van Waart, H., Stuiver, M.M., van Harten, W.H., Geleijn, E., Kieffer, J.M., Buffart, L.M., . . . Aaronson, N.K. (2015). Effect of low-intensity physical activity and moderate- to high-intensity physical exercise during adjuvant chemotherapy on physical fitness, fatigue, and chemotherapy completion rates: Results of the PACES randomized clinical trial. Journal of Clinical Oncology, 33, 1918–1927.

DOI Link

Study Purpose

To evaluate the effects of low and moderate to high intensity exercise on fatigue, fitness, and treatment completion rates

Intervention Characteristics/Basic Study Process

Patients were randomized to usual care control, low-intensity, or moderate- to high-intensity exercise groups. Those in the low-intensity group did home-based self-managed activity for at least 30 minutes for five days a week. Those in the moderate- to high-intensity group participated in 50 minute sessions two times per week and were encouraged to also be physically active for 30 minutes per day for five days per week. Study measures were obtained at baseline, at completion of chemotherapy, and six months later. Exercise programs began with initiation of chemotherapy and continued until three weeks after completion of chemotherapy.

Sample Characteristics

  • N = 197
  • MEAN AGE = 50.7 (SD = 9.1)
  • FEMALES:  100%
  • KEY DISEASE CHARACTERISTICS:  Breast cancer;  the majority were stage II or III; 78% had radiation therapy as well as chemotherapy
  • OTHER KEY SAMPLE CHARACTERISTICS: 70% were working full or part time


  • SITE: Multi-site  
  • SETTING TYPE: Outpatient  
  • LOCATION: Netherlands

Study Design

Randomized, controlled trial

Measurement Instruments/Methods

  • Fatigue Quality List
  • Multidimensional Fatigue Inventory
  • EORTC-QLQ –C30
  • Hospital Anxiety and Depression Scale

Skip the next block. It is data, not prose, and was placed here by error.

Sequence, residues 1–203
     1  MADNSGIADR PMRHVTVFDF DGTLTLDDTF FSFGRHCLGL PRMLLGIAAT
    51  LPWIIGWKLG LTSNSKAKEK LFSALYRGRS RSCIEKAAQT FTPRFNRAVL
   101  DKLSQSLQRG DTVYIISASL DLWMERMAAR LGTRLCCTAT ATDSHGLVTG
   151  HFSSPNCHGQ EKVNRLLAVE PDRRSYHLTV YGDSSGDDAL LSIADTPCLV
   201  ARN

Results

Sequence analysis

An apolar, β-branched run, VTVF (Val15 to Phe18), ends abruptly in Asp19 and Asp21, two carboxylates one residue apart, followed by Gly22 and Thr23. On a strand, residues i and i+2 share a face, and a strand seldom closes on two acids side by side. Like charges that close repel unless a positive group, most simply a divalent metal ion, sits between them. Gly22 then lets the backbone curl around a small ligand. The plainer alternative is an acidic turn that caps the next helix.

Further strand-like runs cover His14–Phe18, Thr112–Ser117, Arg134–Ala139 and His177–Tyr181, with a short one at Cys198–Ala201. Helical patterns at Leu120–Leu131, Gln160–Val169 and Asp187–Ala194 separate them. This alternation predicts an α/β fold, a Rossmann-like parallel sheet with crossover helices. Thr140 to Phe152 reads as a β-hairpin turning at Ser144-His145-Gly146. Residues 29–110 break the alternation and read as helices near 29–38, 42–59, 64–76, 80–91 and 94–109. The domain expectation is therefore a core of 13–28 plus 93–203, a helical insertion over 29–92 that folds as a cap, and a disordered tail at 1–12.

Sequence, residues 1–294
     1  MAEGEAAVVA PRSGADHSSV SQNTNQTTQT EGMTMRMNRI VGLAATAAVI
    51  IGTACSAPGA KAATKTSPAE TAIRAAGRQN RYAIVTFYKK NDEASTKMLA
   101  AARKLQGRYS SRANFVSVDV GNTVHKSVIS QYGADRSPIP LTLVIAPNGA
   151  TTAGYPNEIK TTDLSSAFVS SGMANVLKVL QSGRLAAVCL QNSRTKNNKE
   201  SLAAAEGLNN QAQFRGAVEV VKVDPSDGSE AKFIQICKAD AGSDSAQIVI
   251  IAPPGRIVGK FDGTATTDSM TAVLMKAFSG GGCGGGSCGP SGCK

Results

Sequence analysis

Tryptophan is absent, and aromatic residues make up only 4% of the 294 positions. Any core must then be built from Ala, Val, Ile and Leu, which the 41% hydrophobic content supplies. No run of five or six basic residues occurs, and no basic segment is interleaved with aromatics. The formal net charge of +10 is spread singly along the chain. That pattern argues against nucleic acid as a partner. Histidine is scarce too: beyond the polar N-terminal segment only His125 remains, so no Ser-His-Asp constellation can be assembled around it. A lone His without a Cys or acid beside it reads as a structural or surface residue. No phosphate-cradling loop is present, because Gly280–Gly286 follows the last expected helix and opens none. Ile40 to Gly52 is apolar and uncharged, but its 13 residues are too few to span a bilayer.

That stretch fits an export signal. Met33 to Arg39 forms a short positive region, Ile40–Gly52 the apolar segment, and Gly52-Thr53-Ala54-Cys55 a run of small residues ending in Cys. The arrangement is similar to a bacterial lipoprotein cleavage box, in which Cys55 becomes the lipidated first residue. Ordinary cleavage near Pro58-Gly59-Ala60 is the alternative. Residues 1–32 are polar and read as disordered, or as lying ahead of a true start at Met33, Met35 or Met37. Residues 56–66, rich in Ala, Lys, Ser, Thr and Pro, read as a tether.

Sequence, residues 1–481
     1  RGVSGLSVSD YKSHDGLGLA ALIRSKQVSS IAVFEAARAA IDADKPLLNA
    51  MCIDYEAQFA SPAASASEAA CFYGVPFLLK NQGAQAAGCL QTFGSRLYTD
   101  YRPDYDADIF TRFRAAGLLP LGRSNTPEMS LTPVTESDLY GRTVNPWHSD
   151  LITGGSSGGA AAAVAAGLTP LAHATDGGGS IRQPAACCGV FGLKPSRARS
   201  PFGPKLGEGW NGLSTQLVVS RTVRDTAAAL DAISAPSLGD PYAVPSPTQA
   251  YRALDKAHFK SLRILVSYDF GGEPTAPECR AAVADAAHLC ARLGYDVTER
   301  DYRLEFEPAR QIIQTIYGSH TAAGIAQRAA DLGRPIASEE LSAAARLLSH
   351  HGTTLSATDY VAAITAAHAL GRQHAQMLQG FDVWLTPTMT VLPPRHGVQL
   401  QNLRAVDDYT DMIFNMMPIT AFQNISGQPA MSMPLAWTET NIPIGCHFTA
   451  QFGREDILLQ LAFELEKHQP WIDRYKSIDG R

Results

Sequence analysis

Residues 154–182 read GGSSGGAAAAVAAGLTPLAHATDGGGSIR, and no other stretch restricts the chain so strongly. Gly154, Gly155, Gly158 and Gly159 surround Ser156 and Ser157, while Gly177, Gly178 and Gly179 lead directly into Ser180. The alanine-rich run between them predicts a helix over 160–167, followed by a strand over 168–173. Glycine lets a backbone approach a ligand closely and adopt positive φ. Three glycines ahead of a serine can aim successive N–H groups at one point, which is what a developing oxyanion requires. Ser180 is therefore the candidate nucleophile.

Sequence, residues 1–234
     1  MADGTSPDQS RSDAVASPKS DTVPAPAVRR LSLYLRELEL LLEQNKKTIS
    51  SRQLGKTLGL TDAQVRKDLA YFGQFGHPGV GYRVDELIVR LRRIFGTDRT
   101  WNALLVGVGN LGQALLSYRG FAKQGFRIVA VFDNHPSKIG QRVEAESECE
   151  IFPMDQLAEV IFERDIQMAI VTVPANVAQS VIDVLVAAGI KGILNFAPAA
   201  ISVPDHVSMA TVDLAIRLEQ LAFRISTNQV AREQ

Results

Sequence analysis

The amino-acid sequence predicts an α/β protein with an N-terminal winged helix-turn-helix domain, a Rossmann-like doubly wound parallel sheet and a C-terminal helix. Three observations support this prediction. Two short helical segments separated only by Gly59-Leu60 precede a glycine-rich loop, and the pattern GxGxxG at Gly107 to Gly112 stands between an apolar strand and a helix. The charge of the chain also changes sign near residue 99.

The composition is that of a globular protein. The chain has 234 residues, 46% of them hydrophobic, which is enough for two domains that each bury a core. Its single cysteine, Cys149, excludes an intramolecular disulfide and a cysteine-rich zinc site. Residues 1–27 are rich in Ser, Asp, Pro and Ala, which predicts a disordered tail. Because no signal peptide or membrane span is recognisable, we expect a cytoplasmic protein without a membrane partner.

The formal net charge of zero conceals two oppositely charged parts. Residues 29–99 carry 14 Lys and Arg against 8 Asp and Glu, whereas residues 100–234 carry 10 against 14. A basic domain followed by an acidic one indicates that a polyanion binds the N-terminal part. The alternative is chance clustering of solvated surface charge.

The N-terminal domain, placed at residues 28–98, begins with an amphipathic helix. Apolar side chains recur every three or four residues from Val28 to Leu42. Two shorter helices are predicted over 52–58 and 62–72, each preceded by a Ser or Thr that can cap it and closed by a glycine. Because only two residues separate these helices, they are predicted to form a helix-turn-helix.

• Sleep Quality Inventory
  • Physical Activity Scale for the Elderly
  • Grip strength with dynamometer
  • Exercise diary
  • Steep ramp test fitness and endurance testing


Participants attended 71% of exercise sessions, and 55% of those on the low-intensity program followed recommendations at least 75% of the time. Those in the moderate- to high-intensity group had the best endurance and muscle strength results at the end of chemotherapy. Those in the higher-intensity exercise group also had the lowest physical fatigue levels at the end of chemotherapy (p < 0.001).  Those in the low-intensity group had slightly lower fatigue levels than controls. There were no significant differences between groups at three months. There were no significant differences between groups in anxiety or depression scores.


Results of this study showed the lowest physical fatigue scores during chemotherapy among those participating in moderate- to high-intensity sessions. It is unclear if this difference between exercise groups was related to exercise intensity or the overall difference in the amount of exercise done. Effects on fatigue were not maintained at three months postchemotherapy and there were no effects on measures of anxiety or depression


  • Risk of bias (no blinding)
  • Risk of bias (no appropriate attentional control condition)


Nursing Implications

This study adds to the already extensive body of evidence showing the benefits of exercise in managing fatigue during cancer treatment. It is unclear if the amount, duration, or intensity of exercise are most important for deriving benefit from exercise. Group differences seen at the end of chemotherapy were not maintained three months later, and it is unclear what amount of physical activity was done between the end of treatment and final study measurements.